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Beet Harvest Day 5 – The Beets Are Too Hot!

Beet Harvest Day 5 – The Beets Are Too Hot!

Morning Conditions:

🌡️ Temperature: 35 degrees F

☀️ Weather: Sunny

💨 Wind: 5 – 10 mph

Waiting for Mud to Harden

A line of trucks full of beets waiting to be dumped into a pile.
The Line Where Trucks Can Turn on Concrete

This morning, we relieved the night crew who had just finished locking out and cleaning the piler.

We have only cleaned the piler on the two pre-pile shifts we snagged so far.

Because cleaning heavy machinery can obviously be dangerous, they have a whole safety procedure in place. It mostly involved shutting the piler off and a lot of padlocks.

Then, we helped pile 3 trucks work of beets in the first hour. 🚛 🚛 🚛

However, we still can’t let them turn around on the dirt (read: deep mud) since 5 of them got stuck yesterday. The truckers have obviously passed this word around because most of them have opted for other pilers.

It’s nice in that we’re only getting the truckers who know they’re shit and can back up. It’s not nice because it’s still kind of cold and doing something is nicer than pacing to stay warm.

The Sun Works It’s Magic

After about 3 hours of the sun hitting the mud on one side of the piler (and the foreman driving over the ruts with a loader), we could allow trucks to turn around instead of backing up.

An what do you know, the truck driver gossip got around and we got more trucks. As I write this on my lunch break, we even have a 2 truck line. 🚛 🚛

This is mostly helpful because it keeps us much busier!

We Loose a Crew Member

One person on our crew was working opposite shifts with her husband. He worked nights and she worked days. However, they only had one van between them. 🚐

Since we take our breaks in our vehicles, you can see how this is problematic.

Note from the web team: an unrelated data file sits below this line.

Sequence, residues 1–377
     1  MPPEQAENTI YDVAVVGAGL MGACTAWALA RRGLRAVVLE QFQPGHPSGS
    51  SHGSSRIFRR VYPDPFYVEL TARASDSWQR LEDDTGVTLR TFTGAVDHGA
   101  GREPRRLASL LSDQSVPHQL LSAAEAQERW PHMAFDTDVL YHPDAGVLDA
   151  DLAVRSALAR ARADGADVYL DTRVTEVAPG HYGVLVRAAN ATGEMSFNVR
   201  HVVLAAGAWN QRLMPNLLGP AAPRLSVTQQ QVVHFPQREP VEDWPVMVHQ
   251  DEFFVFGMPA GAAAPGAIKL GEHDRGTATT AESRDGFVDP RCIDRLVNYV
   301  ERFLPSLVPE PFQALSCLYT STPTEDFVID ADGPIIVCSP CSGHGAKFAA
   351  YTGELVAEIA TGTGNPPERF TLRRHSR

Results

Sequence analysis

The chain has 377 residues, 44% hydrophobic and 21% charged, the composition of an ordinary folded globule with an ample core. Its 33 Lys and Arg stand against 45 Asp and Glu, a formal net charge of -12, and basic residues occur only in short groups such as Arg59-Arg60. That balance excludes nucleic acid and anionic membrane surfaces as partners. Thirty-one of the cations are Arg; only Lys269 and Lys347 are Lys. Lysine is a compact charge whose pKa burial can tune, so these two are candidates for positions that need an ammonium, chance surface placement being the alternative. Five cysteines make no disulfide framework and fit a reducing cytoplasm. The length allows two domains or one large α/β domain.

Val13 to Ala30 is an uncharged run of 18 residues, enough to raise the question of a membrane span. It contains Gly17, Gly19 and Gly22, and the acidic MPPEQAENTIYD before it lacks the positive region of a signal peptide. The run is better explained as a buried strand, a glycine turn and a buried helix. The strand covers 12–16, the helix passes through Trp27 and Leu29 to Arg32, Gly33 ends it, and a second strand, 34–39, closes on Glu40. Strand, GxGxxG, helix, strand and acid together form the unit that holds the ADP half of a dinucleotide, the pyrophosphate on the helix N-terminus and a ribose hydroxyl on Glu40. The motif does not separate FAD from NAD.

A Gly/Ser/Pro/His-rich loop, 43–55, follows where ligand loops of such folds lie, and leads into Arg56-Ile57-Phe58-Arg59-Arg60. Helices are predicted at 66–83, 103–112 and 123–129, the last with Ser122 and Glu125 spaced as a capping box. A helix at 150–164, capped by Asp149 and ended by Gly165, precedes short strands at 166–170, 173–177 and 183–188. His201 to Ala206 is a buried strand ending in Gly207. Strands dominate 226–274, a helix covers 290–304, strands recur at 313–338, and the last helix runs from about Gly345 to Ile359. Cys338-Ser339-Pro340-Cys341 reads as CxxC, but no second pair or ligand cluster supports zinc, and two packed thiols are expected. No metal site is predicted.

After 2.5 shifts she told me how hard it was getting. I mentioned that she should go see the Ag and ask if she could work nights with him or he could work days with her. She was worried about asking, but I told her what my Mom always told me…you don’t ask, you don’t get.

With little warning, she jumped off this shift and went to rest before heading onto the night crew tonight with her husband.

It’s normally guaranteed that you work the same shift as your significant other (who share a vehicle). Unless, you specifically request it (which they did). They were worried about their two dogs being alone in the van for so long so they thought opposite shifts would work better for them. Nope. 🙅‍♀️

Now, we 3 ground crew and 1 piler operator. 🤷‍♀️

Double Time

Sugar beet pile and piler.
What A Good Looking Pile!

The best part about today? The whole day is double time since it’s Sunday! 🥳

Apparently, the goal is to stretch the beet harvest over at least two weekends because that’s how you make extra money.

The Beets Are Too Hot!

Just when I thought the day would go smooth and busy, we get a different wrench thrown into the mix.

We were running the ground crew with only 2 people and 1 piler operator (so we could have a break cycle). Then, the foreman showed up and said it had gotten too hot for the beets to go into this pile.

☀️ At 55 degrees and a strong sun, the beets could now only go into piles with ventilation. The outer piles and the indoor piles get ventilation tubes in them by way of skidsteers.

The beet piles with ventilation do two things:

  1. Prevent the piles from becoming compost when it gets warmer during harvest. ♨️
  2. Start to deep freeze the piles of beets. 🥶

Deep freeze pile of beets get eaten by the factory to make sugar last.

Locking Out the Piler to Clean

Inside of a beet harvest piler in the dirt hopper.
Inside the Dirt Hopper of the Piler

Even heavy machinery needs cleaning!

When the beets got too hot, we had to shut the piler down. The foreman backed up the piler, we locked it out and started cleaning it.

By cleaning it, I mean using flat shovels to hack away at least 12 hours of caked mud. It usually takes 30-60 minutes depending on how muddy it gets. This time, it took about 45 minutes as the fields are still quite muddy.

I got to get inside the dirt hopper (pictured above). This does a first round of “cleaning” the beets. It bounces the beets around above it and the dirt and mud fall below (where the picture is taken from).

We Begin Again

At about 6:45 pm, the people in charge decided we could start again.

You should have seen the look on the first trucker’s face when he realized we opened. Every other piler had a line 4-6 trucks deep! I could see him laughing out the window at the truckers on either side.

We crushed out the last hour and when we left, we had a line 6 trucks deep. Have fun, night crew!

Evening Conditions:


🌡️ Temperature: 47 Degrees F

🌤️ Weather: Mostly Sunny

💨 Wind: 5-10 mph

Beet Harvest Day 6 - What's Special About Deep Freeze Piles

Monday 9th of October 2023

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